The Charity Commission has appointed two new board members.
Joanne Prowse, chief executive of the Phone-paid Services Authority, the regulator for goods and services charged to phone bills and Imran Gulamhuseinwala, chief executive and chair of Open Banking, a government-sponsored initiative that works to put consumers in control of their data and payments, both joined the regulator’s board last year, the commission announced yesterday.
They replaced Catherine Quinn and Laurie Benson, whose three-year terms of office ended on 13 November.
The commission said in a statement that both Prowse and Gulamhuseinwala would bring “specific knowledge and skills”, with both having backgrounds in the use of new technology that has the potential to raise funds for charity.
Gulamhuseinwala said: “I have seen the progress that has already been made in introducing digital services, but there is scope to do so much more.
“I hope to lend my experience of tech, big data and its potential for transformation of a sector to help the commission make an even bigger impact and meet the expectations of the public and charities alike.”
Prowse said: “I am delighted to have joined the commission’s board and look forward to helping the Charity Commission maximise the positive impact charity makes to society and to ensuring we uphold the special status it holds in the hearts and minds of the public.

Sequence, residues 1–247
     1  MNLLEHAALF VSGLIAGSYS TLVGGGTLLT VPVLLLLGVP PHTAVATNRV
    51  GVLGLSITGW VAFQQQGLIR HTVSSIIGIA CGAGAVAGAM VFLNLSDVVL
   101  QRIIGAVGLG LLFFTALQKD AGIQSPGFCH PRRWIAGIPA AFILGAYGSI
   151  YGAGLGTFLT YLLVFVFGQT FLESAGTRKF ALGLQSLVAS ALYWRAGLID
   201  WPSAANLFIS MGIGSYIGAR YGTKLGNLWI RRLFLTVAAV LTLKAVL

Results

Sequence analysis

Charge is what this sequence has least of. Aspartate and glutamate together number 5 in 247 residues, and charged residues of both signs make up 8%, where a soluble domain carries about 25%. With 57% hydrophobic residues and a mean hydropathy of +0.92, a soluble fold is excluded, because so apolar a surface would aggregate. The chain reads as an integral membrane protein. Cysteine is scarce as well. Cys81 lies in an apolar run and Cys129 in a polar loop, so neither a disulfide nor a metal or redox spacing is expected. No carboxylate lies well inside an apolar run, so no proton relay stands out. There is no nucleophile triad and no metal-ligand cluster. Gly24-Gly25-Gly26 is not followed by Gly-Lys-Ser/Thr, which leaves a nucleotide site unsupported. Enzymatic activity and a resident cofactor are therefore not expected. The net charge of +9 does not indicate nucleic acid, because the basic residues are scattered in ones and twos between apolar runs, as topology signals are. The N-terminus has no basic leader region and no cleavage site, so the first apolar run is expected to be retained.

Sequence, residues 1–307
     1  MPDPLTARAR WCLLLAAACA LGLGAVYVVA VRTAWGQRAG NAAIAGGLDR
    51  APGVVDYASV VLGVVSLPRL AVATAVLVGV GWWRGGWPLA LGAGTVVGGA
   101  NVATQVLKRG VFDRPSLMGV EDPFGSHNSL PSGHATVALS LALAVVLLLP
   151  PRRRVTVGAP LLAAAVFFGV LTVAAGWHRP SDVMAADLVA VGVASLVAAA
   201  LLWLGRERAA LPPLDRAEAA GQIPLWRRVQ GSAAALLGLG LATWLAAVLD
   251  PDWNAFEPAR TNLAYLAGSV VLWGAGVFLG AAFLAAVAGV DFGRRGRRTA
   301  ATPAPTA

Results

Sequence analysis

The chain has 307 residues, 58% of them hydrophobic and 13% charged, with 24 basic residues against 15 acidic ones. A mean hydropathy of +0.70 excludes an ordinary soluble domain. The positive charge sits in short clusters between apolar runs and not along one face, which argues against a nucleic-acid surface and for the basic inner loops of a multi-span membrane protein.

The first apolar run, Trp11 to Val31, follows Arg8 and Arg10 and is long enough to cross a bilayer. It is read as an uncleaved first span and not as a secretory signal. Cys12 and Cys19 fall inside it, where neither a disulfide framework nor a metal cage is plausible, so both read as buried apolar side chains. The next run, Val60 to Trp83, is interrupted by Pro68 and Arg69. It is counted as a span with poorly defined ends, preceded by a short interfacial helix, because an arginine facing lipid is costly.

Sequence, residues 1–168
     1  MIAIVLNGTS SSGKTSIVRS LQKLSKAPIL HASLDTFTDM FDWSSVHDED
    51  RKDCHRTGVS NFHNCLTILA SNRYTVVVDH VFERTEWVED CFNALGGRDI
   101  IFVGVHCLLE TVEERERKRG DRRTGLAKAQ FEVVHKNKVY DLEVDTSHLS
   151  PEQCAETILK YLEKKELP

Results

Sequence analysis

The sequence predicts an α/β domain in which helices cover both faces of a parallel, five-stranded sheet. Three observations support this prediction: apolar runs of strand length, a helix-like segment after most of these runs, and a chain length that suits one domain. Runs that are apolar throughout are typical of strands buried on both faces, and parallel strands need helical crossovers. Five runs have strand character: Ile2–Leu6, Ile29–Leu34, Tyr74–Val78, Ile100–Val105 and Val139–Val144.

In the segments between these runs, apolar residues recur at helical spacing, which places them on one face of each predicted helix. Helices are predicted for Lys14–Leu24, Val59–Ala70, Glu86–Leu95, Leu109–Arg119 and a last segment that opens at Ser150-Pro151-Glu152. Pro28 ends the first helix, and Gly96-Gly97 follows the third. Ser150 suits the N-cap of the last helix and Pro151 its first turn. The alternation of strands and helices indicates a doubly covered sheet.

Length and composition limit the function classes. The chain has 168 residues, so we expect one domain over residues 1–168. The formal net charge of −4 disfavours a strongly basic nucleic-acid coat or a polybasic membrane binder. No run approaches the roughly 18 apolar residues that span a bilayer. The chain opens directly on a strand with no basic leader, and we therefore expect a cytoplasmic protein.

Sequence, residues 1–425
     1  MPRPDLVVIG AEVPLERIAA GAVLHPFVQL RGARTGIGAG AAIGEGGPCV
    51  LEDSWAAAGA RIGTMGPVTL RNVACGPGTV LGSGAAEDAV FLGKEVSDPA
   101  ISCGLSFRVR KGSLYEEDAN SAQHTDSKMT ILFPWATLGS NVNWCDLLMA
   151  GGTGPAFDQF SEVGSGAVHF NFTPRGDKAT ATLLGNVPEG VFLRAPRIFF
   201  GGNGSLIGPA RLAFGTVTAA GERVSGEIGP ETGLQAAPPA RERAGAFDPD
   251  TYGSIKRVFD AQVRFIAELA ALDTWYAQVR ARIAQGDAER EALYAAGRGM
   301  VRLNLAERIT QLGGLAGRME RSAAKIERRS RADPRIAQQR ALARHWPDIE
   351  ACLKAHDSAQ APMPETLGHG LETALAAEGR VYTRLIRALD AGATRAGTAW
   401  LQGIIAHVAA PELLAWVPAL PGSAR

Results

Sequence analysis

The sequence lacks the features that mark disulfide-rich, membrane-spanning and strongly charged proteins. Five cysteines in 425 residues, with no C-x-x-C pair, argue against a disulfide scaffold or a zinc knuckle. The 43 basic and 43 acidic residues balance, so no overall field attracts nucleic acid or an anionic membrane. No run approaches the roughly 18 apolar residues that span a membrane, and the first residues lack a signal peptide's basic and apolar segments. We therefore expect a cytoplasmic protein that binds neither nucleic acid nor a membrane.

“I hope all my experience of regulating mass-market digital services will help the commission and charities to serve the public better.”
The two new board members, who have been appointed for three years, will be paid £350 per day for between about 18 and 24 days per year.
Baroness Stowell, chair of the Charity Commission, welcomed the skills and expertise the new board members would bring.
“Each will make a significant impact to the commission’s agenda for change, including all we are doing to improve and modernise our services, which the public and trustees rely on, and I am delighted to have them on board,” she said.